Really True (The Scientist Dub) 7" 45rpm Vinyl
Over thanks to everyone who helped make this special vinyl happen. Indeed, releasing a version with The Scientist has been a career goal of the Pandas since ever since. When we first learned we wanted to be a reggae band, we were given Scientist Wins the World Cup from David Gould, a bass player who helped show us the reggae ropes early on. The album never left the decks. Since we dove into reggae, we have been fortunate to have access to so many Scientist recordings and dubs.
But that didn’t mean we knew what he looked like. It was a weary afternoon of traveling in the van on an endless spring tour of 2008 that we pulled down by the oceanside to a little BBQ joint called the Malibu Inn. We had landed an opening gig for the legendary Don Carlos. We had arrived early and ready to load in. Breaching our heads out of the sunshine and into a dark club, we were met by two Jamaican guys who asked us who we were and we told them. One of them stated he was “Hopeton the Cook”, the engineer, and he would be doing the mix. It didn’t ring any bells. We started to discuss our input list and the things that would need to be patched (very standard show protocol), and we started loading our vintage Fender amplifiers into the building. The engineer stopped us and said that we would not be needing our amplifiers. Thinking he might be joking, we started to talk about the old Fender amps and how it is part of our sound. The engineer began to get a bit more serious and philosophical (or matter of fact however you see it) and he said “these things are old fashioned. You don’t need them. They were invented to be used before these PA systems we have. We have a powerful PA system here you don’t need the amplifier. I am the amplifier.” Now as traveling Pandas running around the wild world of the USA in the late aughts, we had collected many a moment with an eccentric sound engineer or bar staff throughout the years. This however, was something different and deeper. This man had real testament, and stoic resistance to us loading our gear in the way we had done every single day of our careers since we were 13 years old walking into clubs.
We also are strong thinkers and personalities, and we began to push back. “Listen, using this old gear, this is our sound. This is part of the statement we are making. We have serviced this old gear and it weighs tons and we have carried it in and out of every venue for hundreds of dates and thousands of miles. Clearly, we are dedicated to this” was something around the likes of what we probably said.
“MAN! DO YOU HAVE ANY IDEA WHO THIS IS? DO YOU HAVE ANY IDEA WHO YOU ARE TALKING TO RIGHT NOW? DO YOU?! yelled the other gentleman engineer.
“THIS IS THE COOK MAN! THIS IS HOPETON THE COOK! HE IS THE ENGINEER! THIS IS SCIENTIST MAN!”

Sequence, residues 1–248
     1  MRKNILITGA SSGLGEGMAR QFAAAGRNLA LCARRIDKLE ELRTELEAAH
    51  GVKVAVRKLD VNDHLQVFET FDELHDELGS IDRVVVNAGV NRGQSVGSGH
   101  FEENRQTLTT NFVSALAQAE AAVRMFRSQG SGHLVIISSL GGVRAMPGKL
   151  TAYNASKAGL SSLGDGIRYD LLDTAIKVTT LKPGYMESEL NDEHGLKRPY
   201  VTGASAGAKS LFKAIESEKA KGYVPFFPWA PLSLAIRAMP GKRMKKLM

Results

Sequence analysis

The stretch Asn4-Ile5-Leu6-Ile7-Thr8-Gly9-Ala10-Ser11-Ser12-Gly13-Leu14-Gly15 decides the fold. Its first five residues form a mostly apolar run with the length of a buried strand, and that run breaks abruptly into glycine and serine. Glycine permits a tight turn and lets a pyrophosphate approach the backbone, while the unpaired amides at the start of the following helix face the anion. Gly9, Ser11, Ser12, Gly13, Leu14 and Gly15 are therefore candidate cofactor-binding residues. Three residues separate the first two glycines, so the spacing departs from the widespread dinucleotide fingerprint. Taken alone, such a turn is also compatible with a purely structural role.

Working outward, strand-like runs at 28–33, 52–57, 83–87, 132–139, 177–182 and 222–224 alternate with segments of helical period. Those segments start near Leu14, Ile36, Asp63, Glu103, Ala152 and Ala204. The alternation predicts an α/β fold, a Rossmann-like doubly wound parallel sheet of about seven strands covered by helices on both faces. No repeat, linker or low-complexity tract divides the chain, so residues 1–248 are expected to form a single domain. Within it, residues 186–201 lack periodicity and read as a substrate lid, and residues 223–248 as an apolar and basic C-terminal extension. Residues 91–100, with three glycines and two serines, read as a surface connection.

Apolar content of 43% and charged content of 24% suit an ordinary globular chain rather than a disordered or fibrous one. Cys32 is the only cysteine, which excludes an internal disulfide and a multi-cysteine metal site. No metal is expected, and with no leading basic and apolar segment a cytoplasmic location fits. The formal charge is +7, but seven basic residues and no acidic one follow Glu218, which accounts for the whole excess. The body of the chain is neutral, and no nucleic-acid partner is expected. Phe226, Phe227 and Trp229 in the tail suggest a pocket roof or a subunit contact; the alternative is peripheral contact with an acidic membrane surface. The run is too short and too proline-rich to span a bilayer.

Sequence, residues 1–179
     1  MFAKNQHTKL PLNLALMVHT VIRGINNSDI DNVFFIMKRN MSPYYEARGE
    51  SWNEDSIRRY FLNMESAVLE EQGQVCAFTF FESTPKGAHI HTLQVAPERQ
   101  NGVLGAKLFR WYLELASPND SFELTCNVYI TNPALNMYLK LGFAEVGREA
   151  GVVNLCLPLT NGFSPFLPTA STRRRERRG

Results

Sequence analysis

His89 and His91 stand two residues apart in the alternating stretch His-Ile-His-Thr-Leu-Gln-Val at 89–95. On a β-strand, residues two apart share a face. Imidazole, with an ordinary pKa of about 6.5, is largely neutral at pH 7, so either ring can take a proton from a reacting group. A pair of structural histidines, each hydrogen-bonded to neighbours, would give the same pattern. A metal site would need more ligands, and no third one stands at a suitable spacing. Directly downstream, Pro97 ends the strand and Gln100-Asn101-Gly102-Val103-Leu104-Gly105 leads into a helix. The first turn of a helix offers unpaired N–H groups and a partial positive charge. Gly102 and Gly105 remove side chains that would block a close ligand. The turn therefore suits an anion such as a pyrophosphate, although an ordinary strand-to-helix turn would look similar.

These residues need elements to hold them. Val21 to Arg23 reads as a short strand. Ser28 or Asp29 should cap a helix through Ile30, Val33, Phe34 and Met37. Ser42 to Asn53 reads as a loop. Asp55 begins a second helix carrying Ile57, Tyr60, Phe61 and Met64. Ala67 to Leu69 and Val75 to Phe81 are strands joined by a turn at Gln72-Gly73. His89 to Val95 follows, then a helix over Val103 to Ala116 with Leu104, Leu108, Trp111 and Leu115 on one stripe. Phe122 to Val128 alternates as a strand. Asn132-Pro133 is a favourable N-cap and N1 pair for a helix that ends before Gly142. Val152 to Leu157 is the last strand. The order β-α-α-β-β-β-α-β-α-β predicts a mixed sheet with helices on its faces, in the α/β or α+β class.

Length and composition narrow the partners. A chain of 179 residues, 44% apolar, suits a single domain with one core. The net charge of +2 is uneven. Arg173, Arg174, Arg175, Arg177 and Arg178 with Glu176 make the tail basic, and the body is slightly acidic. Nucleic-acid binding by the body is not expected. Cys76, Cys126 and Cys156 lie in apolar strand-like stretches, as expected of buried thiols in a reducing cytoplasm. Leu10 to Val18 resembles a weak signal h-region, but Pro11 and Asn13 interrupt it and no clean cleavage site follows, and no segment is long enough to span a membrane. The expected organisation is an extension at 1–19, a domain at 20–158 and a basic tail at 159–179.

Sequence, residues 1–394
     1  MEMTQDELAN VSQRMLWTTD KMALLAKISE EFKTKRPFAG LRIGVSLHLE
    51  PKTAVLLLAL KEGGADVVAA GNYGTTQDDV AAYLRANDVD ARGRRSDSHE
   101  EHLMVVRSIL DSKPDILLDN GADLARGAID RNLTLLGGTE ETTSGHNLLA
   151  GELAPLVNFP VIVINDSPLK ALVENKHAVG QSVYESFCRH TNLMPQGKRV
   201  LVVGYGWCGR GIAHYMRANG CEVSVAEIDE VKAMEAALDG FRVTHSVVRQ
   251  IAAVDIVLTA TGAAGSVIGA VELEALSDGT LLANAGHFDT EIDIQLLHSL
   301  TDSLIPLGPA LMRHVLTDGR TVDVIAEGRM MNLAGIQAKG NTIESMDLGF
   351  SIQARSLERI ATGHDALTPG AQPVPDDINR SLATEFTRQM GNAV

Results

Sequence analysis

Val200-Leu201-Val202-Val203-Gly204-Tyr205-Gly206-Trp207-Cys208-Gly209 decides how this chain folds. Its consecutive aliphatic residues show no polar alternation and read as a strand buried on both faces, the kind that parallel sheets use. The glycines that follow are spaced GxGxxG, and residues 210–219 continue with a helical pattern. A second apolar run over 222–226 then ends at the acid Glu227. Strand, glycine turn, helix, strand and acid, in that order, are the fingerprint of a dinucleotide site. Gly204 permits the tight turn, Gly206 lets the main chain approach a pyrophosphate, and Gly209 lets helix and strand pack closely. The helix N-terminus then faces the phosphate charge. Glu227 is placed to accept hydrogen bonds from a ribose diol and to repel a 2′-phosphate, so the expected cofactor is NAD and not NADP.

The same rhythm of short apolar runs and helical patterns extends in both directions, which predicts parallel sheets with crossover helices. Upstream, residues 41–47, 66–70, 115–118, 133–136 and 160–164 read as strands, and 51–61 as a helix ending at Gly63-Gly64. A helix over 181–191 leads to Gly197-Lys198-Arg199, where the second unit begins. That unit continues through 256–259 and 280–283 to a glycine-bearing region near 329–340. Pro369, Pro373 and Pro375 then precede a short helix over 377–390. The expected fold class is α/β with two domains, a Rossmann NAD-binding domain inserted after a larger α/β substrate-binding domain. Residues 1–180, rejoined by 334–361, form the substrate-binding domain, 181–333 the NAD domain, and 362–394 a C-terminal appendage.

...and then I don’t know how, but I got it. I had all the disbelief and starstruckness one can have as I saw his face and recognized instantly that, yes, I was talking to THE SCIENTIST, the man who had engineered and produced a great percentage of the reggae I had heard up to that point, and he was telling us that we couldn’t use our amps on stage. It was surreal. We quickly came to an agreement that we could use our amps on stage but he would not mic them 😂😂😂
He then saw that we had Moog Analog delay pedal with a Panda stencil on it. He decided he wanted to use that at front of house and we were like “HELL YES PLEASE.” We watched the house engineers of Malibu Inn lose their minds when Scientist flattened the system and tuning of the room (something that engineers often hire specialists to set and pay pretty high rates to do it). It was awesome and totally unorthodox and at the same time completely methodical and with very focused intent. Scientist was there working the room getting ready to provide a foundation for a truly magical night to come.
So this is a recording of the set that he mixed for us. In the beginning he is getting levels adjusted, as is usual for the first band in a big night as people begin to fill an empty room. The set was recorded by Matt O’Brain who happened to be operating a DAT recording machine that Nate Pelton of North Creek Rafting had lent to us for reasons such as this. So it’s just two mics in a room. Occasionally people are having some conversations near the mic. Some really awesome old Panda tunes are played at OG tempos and throughout the set Scientist begins to warm that delay pedal up.
He used it throughout the rest of the night. Don Carlos put on an incredible set. Wailing Souls members were in the house and eventually got on stage. On the recording of our set, you can hear Jah Fari (RIP) give a few legendary whistles. It was truly an awesome night out in music land and we felt blessed to be a part of it.
I’ve told that story many times because I think about it a lot. I actually dug for months through some terribly organized hard drives from 2005-9 to find these recordings and I surely thought they were lost forever. Here it is though. It’s a good enough time to share with all of you who put it forward and helped us create this single. Thank you for your patience and your continued support of our group and all that we try to do.
The Scientist is truly a brilliant genius of our time and then some. He has pioneered and innovated some of the most important moments of reggae music. Those influences have changed all genres of music forever. Getting chance to speak and work with the man himself is truly one of those moments we think life is all about. Sharing, connecting, creating, and forwarding. Peace and Love.
LISTEN TO THE SET